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Longwood Divorce Attorney Explains Tax Reform and Alimony in Florida


“Do you know how the 2018 tax bill can affect your Florida alimony payments?”

Everyone has heard of the new federal tax reform bill. Titled the Tax Cuts and Jobs Act (TCJA), it brings sweeping changes to the US tax code.

But unless you are dealing right now with a divorce, you may not be aware of the consequences you could face regarding alimony.

The tax reform affects dozens of tax deductions, including alimony. Our Longwood divorce lawyers proactively ensure that our clients consult with CPAs and other tax experts to advise both payor and payee spouses who have concerns about Florida alimony arrangements under the new tax law.

How Florida Alimony Works Right Now (Before Tax Reform)

Longwood divorce lawyer separating high asset couple

For current divorce arrangements, alimony payments (a.k.a. spousal support) are generally regarded as taxable income for the recipient. The higher-earning spouse—who pays alimony to the lower-earning spouse—can effectively reduce their income by the amount that they pay in alimony. The tax break often mitigates the costs of alimony to the paying spouse, as some portion of the money would be subject to income tax if it were not being paid as alimony.

For example, under the previous law, if you were paying $50,000.00 a year in alimony, your income would be reduced accordingly. Taking the example further, if the tax rate on that $50,000.00 alimony payment were 39.5 percent, without an alimony order you would retain that $50,000.00, but would pay $19,750.00 in income tax on that retained money; therefore your net cost on paying that $50,000.00 as alimony would be $30,250.00, considering the income tax cost.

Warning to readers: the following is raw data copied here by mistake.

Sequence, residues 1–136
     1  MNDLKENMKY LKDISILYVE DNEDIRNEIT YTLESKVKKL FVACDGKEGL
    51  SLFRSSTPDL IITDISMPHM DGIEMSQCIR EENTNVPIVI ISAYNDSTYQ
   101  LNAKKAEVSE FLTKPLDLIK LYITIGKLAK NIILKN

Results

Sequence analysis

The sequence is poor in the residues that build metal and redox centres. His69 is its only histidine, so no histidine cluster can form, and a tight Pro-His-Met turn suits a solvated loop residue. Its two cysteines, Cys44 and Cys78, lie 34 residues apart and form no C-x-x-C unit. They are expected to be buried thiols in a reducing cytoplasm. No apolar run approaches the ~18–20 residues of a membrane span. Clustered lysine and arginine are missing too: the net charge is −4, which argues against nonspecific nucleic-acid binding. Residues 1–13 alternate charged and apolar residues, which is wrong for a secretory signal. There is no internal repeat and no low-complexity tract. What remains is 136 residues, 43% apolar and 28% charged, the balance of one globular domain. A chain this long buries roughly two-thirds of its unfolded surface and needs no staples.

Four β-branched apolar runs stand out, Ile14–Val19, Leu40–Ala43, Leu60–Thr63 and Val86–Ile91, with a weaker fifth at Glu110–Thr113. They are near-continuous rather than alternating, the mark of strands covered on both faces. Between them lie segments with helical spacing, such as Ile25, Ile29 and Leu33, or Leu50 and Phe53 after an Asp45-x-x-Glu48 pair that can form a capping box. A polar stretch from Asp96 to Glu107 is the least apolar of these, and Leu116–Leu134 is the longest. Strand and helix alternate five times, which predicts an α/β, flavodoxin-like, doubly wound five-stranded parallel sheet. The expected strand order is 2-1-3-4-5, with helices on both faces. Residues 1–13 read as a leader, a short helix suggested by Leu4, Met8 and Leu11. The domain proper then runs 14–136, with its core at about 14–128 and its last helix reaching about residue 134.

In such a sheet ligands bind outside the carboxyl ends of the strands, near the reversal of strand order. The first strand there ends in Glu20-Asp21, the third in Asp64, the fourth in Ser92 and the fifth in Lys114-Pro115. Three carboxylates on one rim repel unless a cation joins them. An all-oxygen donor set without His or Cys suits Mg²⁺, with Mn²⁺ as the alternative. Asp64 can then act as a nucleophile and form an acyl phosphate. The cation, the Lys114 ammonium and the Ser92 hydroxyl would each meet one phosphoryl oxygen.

If you are the receiving spouse, you pay annual income taxes on the payments. The changes in the tax laws will effectively eliminate the opportunity to take a pre-tax deduction of alimony so that there will potentially be no future tax savings in paying alimony.

Under the old law, the paying spouse, who was usually a higher earner and subject to a higher tax rate, deducted the alimony payments at a higher tax rate while the lower earning spouse, who accepted the payments, reported the alimony as income and paid tax on it at a lower tax rate.

This created an opportunity to create value in dealings between the parties. Under the new law, this opportunity to create value will be effectively eliminated.

The tax deduction under the old tax law was a major consideration for paying spouses, especially those who are in upper tax brackets. Many spouses were able to work together to alter property settlements, child support, and alimony payments so that they collectively created value and found a win-win solution.

When done properly, the old tax law and alimony system allowed divorcing spouses to retain and distribute more money.

These savings presented a great opportunity and were a big help when it came to offsetting the cost of separate households. Tax-saving benefits were passed on to both parties.

What Alimony Will Look Like Under the New Tax Law

Under the new tax law, the paying spouse will not get a deduction for alimony. The recipient spouse will not have to pay taxes on the alimony that they receive. Because of these changes, it will be especially important for divorcing spouses dealing with alimony matters to consult with both an experienced divorce attorney and a tax expert, like a CPA.

The new tax law will generally apply to:

  • Divorce or separation agreements that are enacted in a final judgment on or after January 1, 2019. Alimony payments executed before this date are taxed under the old law.
  • Divorce modifications enacted on or after January 1, 2019, and the modification orders directly state that TCJA tax changes apply.

Essentially, alimony moving forward will be handled in the same manner as child support, which is not considered a tax deduction or taxable income.

How Will The Tax Reform Affect Your Alimony Payments?